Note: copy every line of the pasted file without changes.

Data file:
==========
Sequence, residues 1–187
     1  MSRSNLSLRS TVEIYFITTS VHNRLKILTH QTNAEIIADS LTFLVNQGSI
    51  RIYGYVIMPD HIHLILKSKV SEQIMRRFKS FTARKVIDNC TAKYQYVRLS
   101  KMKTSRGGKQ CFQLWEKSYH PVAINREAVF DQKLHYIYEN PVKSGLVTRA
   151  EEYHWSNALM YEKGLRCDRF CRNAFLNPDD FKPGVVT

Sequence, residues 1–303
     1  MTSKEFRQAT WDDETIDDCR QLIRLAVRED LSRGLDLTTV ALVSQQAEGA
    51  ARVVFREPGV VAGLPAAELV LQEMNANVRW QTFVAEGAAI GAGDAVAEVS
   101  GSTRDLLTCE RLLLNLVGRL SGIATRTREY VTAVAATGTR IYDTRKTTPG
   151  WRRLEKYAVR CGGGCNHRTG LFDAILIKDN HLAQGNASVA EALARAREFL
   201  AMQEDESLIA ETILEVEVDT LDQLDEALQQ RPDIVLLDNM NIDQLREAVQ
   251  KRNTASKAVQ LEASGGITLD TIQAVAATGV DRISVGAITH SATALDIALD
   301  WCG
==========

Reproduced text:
Sequence, residues 1–187
     1  MSRSNLSLRS TVEIYFITTS VHNRLKILTH QTNAEIIADS LTFLVNQGSI
    51  RIYGYVIMPD HIHLILKSKV SEQIMRRFKS FTARKVIDNC TAKYQYVRLS
   101  KMKTSRGGKQ CFQLWEKSYH PVAINREAVF DQKLHYIYEN PVKSGLVTRA
   151  EEYHWSNALM YEKGLRCDRF CRNAFLNPDD FKPGVVT

Sequence, residues 1–303
     1  MTSKEFRQAT WDDETIDDCR QLIRLAVRED LSRGLDLTTV ALVSQQAEGA
    51  ARVVFREPGV VAGLPAAELV LQEMNANVRW QTFVAEGAAI GAGDAVAEVS
   101  GSTRDLLTCE RLLLNLVGRL SGIATRTREY VTAVAATGTR IYDTRKTTPG
   151  WRRLEKYAVR CGGGCNHRTG LFDAILIKDN HLAQGNASVA EALARAREFL
   201  AMQEDESLIA ETILEVEVDT LDQLDEALQQ RPDIVLLDNM NIDQLREAVQ
   251  KRNTASKAVQ LEASGGITLD TIQAVAATGV DRISVGAITH SATALDIALD
   301  WCG